By: Patti Weaver
(Stillwater, Okla.) — An ex-convict — on 22 years’ total probation for twice possessing methamphetamine in Creek County in 2016 — has been charged in Payne County with trafficking methamphetamine in the Cushing area, as a result of a laboratory analysis recently received by the Sheriff’s Office, court records show.
A warrant from Payne County has been issued for the arrest of Richard Tyler Gaither, 34, reportedly of Cushing, who had already been ordered to appear in Pawnee County District Court this Friday for allegedly violating his probation in a 2016 case of being a convicted felon with a firearm in Jennings, court records show.
In his Payne County case filed last week, Gaither was accused of possessing more than twice the amount of methamphetamine required for a trafficking charge, which carries as much as a life prison term on conviction. Gaither was also charged with driving on a suspended license after a traffic stop on April 14 at 9th and Highway 99, court records show.
Payne County Sheriff’s Deputy Christopher McKosato was running radar in the area of Oak Grove Road and 9th Street at 5:13 a.m. on April 14 when he saw a white Lincoln with a right defective tail light cover signal to turn left, but make a right turn, according to his affidavit.
When the car stopped, “Gaither stated he has been having issues with the electrical components of the car and sometimes the blinkers stick and were not acting right,” the affidavit said. After Gaither was given a citation for driving on a suspended license, “I advised him he was free to leave and could call someone to pick him and the car up,” the deputy wrote in his affidavit.
“While waiting for someone to pick him up, I engaged Gaither in conversation again and asked if he ever had been in trouble before and he said he had for possession of a controlled substance and served time in prison for it,” the deputy alleged in his affidavit.
“I asked Gaither if he was or still is associated with the Irish Mob due to him having a green bandana hanging out of his rear pocket. Gaither stated he was Irish, but did not admit to being associated with the Irish Mob,” the deputy alleged in his affidavit.
“I asked Gaither if he had anything in the car that would be considered illegal and he stated no and said, ‘You can go ahead and look,'” the deputy alleged in his affidavit.
“While speaking with Gaither, Deputy Korey Carruba advised me he located a green bandana under the driver’s seat with a clear plastic bag filled with a white crystal-like substance in it,” suspected of being a narcotic, the deputy alleged in his affidavit.
“I explained to Gaither the findings and he immediately stated he took the bag from a 13-year-old kid in the neighborhood and forgot to throw it away. Gaither said the substance was not ‘drugs,'” the deputy alleged in his affidavit.
“I observed the clear plastic bag to be tied at the top and the substance to be a white crystal form. I believed this substance to be methamphetamine through my law enforcement experience,” the deputy wrote in his affidavit.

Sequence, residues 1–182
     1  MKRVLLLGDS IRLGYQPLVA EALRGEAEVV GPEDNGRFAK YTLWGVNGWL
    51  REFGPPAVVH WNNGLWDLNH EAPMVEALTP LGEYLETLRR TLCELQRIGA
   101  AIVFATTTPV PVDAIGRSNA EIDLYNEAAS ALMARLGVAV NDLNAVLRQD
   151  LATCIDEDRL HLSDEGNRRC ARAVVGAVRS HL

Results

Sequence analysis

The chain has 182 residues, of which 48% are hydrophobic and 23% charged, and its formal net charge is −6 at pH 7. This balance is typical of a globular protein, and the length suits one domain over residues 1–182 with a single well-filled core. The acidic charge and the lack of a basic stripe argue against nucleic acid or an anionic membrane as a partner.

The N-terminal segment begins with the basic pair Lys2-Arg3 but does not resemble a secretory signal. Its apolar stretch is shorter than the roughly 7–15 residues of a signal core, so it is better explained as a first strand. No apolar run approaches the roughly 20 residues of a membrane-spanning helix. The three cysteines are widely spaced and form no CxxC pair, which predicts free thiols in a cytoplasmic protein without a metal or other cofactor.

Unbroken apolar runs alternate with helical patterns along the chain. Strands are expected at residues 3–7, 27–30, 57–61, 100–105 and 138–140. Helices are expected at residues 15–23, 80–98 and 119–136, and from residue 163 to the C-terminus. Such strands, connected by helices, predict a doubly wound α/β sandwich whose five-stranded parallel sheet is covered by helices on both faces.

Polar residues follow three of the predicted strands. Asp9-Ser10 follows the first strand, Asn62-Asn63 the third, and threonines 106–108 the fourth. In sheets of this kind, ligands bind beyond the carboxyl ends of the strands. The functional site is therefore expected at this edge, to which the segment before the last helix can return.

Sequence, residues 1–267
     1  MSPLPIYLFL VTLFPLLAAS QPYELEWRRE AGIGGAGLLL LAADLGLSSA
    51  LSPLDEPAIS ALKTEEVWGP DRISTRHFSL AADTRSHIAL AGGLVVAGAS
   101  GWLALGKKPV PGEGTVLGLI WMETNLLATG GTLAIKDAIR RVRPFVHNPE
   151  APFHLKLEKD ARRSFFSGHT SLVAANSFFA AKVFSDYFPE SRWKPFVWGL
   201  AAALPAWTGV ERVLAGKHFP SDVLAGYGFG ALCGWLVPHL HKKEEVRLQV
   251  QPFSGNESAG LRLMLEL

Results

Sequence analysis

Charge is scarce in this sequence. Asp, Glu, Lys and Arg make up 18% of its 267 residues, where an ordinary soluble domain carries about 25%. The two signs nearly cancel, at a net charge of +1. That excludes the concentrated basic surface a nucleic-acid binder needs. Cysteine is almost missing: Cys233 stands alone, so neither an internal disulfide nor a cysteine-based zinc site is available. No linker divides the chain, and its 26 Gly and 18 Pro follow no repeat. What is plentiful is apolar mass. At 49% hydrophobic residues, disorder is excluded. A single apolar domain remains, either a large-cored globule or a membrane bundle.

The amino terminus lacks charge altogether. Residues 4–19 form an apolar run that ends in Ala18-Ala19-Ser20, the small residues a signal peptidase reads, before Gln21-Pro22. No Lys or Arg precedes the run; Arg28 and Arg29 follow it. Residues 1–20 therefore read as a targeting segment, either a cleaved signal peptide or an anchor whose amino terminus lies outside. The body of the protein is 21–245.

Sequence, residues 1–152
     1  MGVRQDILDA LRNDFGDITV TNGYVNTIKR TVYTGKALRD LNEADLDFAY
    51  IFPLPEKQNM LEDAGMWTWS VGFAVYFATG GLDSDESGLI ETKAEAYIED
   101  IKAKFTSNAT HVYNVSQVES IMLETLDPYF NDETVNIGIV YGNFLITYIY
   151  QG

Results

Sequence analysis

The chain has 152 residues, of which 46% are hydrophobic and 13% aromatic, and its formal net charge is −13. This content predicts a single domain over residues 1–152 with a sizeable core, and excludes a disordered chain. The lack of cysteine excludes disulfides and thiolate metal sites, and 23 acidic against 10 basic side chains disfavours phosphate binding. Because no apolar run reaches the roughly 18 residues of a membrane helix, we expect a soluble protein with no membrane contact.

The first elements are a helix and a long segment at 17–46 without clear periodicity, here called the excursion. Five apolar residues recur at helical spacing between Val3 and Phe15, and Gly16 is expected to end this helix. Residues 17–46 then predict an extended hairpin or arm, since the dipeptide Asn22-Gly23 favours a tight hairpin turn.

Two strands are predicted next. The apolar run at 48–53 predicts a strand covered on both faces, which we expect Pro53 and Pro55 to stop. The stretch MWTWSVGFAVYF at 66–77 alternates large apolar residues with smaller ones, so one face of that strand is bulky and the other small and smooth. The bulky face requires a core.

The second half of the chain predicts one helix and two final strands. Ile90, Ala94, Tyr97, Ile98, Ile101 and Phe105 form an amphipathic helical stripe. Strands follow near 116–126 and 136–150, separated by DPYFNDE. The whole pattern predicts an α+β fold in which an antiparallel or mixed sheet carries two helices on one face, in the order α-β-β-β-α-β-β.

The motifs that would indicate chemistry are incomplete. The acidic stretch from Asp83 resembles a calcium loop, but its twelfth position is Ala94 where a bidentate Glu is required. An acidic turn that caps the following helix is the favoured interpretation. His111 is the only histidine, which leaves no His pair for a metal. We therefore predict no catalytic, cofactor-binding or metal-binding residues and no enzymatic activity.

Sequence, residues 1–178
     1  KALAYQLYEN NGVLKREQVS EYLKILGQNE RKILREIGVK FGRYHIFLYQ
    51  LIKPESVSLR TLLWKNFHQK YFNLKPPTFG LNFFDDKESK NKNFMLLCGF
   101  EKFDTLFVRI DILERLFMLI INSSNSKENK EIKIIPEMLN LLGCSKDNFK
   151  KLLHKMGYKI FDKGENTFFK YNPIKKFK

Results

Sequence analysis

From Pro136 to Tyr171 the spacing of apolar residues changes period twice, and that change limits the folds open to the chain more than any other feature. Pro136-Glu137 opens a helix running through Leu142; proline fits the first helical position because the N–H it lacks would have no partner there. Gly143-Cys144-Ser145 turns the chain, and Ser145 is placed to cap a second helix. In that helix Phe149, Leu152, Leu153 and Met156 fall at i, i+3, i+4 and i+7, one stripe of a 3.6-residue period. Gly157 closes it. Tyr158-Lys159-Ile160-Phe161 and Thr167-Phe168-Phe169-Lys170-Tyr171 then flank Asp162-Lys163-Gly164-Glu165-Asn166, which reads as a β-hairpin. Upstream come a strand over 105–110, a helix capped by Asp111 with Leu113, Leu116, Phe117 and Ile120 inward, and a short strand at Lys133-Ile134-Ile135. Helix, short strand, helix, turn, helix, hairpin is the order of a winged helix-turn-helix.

“I field-tested the substance and could not get it to test on scene. I sent the substance to OSBI for further testing. I received the OSBI lab result analysis and the lab result was conclusive for methamphetamine with the weight being 44.83 grams,” the deputy alleged in his affidavit for an arrest warrant for methamphetamine trafficking.
“The total of 44.83 grams is a very substantial amount known for the sale and distribution of methamphetamine,” the affidavit alleged.
According to the Oklahoma Department of Corrections, Gaither had previously been convicted of:
* marijuana possession in Sapulpa in Creek County in 2006, for which he was initially ordered into a 13-month drug treatment program in Georgia that dismissed him for failure to complete the program, after which he was ordered into the state prison’s Regimented Inmate Treatment program (RID) followed by a five-year deferred sentence that was changed four years later to a two-year suspended sentence with Drug Court from which he was terminated about six months later, after which he was sent to prison in 2013 for one year for violating probation, to be served consecutively to the following sentence;
* drug possession in Kellyville in Creek County in 2011 for which in 2013 he was given a five-year prison term of which he served less than half;
* methamphetamine possession with intent to distribute in Bristow in Creek County in 2016, for which he was placed on probation for 15 years;
* methamphetamine possession in Bristow in Creek County on another occasion in 2016, for which he was placed on probation for seven years consecutive to the15 years above;
* methamphetamine possession in Bristow in Creek County on another occasion in 2016, for which he was initially placed on probation that was revoked in 2017 to a six-year prison term of which he served two years prior to his release in January of this year;
* being a convicted felon in possession of a firearm in Jennings in Pawnee County in 2016, for which he was given in 2017 a concurrent five-year prison term followed by three years of probation, which the prosecution is attempting to revoke in the case on which he is scheduled to appear in court this Friday.